PSSST, SHE’S PRINCESS MATERIAL
When I was a little girl I thought I would grow up to be a princess but in retrospect I realize this was more my mother ‘s dream than mine. It also became clear that she was the only one who thought I was princess material. My brothers and sisters were repulsed by the notion of ‘me as princess’ and actively discouraged it with various techniques known to families as ‘sibling torture’. This was enough to convince me to pursue another course so I chose the next best thing to princess which was that I would become a ‘stewardess’. The position seemed to have a kind of elegant gravitas that I was drawn to and my mother told me it was almost the same thing as being part of the ‘jetset’ as she called it.
SERVING OTHERS WAS NOT SUITED TO MY DISPOSITION
But then reality set in and I realized that being a stewardess required flying and serving others neither of which suited my disposition. I suffered from terrible motion sickness and preferred being served rather than serving.
SHE’S GOING TO BE A MOVIE STAR!
So I set my sights with my mother’s approval on becoming a ‘dancer/actress/ movie star’. Why not?. I enrolled in ballet class, took theatre in high school and auditioned for every theatre production possible.But the best laid plans are often put to rest when no real talent exists and when Mrs. Gigg’s, my ballet teacher, sunk her treacherous, spidery hands into my ample waistline and declared (loudly) to the class that I was ‘doughy’., my dreams flew out the window.So I picked myself off the floor and eagerly set my sites on the role of ‘serious actress’.
When it became evident that my talent would land me nothing greater than reading the morning announcements at school (while Siobhan Duffy sang and danced her way through every high school production) that I decided to re-invent myself as a writer.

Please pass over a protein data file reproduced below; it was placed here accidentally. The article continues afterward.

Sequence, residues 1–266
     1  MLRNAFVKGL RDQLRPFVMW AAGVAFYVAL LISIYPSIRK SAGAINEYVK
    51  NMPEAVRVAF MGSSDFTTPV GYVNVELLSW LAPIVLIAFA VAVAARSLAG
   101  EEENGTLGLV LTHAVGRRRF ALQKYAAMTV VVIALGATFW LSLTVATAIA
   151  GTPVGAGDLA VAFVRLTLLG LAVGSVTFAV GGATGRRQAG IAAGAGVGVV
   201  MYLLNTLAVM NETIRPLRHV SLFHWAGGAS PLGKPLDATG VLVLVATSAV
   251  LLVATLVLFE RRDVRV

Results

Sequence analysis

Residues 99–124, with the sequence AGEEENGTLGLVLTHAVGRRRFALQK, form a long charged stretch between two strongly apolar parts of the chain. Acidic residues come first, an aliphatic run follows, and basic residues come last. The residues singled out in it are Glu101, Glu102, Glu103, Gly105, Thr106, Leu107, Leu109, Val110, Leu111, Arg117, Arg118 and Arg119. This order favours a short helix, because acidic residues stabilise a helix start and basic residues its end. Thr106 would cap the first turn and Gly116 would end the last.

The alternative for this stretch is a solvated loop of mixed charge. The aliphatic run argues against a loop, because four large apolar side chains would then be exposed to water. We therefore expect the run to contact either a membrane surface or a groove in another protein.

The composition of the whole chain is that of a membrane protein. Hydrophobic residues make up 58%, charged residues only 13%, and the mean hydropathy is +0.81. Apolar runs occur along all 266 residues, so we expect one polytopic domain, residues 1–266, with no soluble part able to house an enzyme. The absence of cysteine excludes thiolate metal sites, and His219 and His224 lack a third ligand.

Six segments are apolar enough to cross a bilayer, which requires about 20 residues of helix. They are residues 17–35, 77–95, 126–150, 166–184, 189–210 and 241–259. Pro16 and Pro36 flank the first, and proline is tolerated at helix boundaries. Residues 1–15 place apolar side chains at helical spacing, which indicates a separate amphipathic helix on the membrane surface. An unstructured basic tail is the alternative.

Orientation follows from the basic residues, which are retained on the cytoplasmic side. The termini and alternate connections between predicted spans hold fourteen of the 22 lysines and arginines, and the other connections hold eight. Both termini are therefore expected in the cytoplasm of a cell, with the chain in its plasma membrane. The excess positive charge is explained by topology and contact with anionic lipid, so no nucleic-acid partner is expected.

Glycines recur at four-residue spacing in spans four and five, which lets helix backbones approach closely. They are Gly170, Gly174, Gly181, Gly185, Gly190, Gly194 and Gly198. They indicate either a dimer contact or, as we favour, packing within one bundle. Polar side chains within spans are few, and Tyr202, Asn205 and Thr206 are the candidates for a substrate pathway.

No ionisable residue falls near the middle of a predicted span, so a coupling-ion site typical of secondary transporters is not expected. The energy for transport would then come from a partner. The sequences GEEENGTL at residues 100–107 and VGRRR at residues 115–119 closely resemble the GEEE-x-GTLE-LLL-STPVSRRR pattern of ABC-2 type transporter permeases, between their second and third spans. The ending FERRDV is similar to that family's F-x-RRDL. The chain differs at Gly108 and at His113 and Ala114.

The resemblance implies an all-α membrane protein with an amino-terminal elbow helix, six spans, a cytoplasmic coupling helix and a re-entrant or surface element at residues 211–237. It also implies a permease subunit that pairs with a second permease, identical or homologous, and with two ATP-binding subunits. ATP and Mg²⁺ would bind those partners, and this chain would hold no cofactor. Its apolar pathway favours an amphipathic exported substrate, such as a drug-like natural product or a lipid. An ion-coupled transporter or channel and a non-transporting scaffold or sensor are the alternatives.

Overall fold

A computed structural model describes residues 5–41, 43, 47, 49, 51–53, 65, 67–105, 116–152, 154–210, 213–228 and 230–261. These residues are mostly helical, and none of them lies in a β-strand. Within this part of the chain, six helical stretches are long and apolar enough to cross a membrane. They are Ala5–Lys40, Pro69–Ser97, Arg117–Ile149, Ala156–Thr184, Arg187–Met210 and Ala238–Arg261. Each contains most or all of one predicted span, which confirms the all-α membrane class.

I CAN’T DANCE BUT I SURE CAN WRITE
“What are you going to be?” people” would ask. “A writer.” I would say. “What have you written? ” “Nothing”, I would answer unblinkingly. At that point in my life it was far less about the writing than it was about looking like a writer. I had long hair to my shoulders and I wore a long black cape which I felt gave me a mysterious and writerly air. I scratched unfathomable notes at parties (always while people were looking) and wrote tortured poetry which I read out loud on Friday nights to my biggest fan, my mother..
By the time I graduated from high school I had forgotten that I was going to be a writer. I liked to write but the idea of ‘being’ a writer was left behind by my new found passion for justice and fighting for the underdog Now I wanted to be a lawyer. So I applied to university and entered a history program. That I didn’t have a logical, tactical, aggressive, bone in my body didn’t deter me from throwing myself into saving the world. In the seventh year of my Bachelor of Arts (that’s right seven) I decided that I would complete my degree in History and English, forget about law and move to Japan to find myself.
JUST TELL ME WHO I AM. NOW.
Shortly after my return from Japan I remember phoning my best friend and in a moment of utter frustration and weakness begged her to tell me what I should be. “Just tell me” I said. “I’m begging you. Just tell me what I should be and I’ll be it.” No surprise she had no real answer for me so I continued on my erratic path of just living and not really knowing. “You’re a butterfly”, my mother would tell me. Or a “tumbleweed” as a colleague recently called me.
I finally did settle on something that I probably could have figured out to from the beginning but life doesn’t really work that way. I was infused with a desire and a dream to be something grand because the world is unlimited and anything is possible especially when you’re young. I still feel anything is possible and I’m still a ‘butterfly’ as my mom calls me but my ambition these days is to love every small moment in my life and the people in it. That dream for something other hasn’t died but it has been transformed into something more real that I grasp. I’m good with that. I love where I am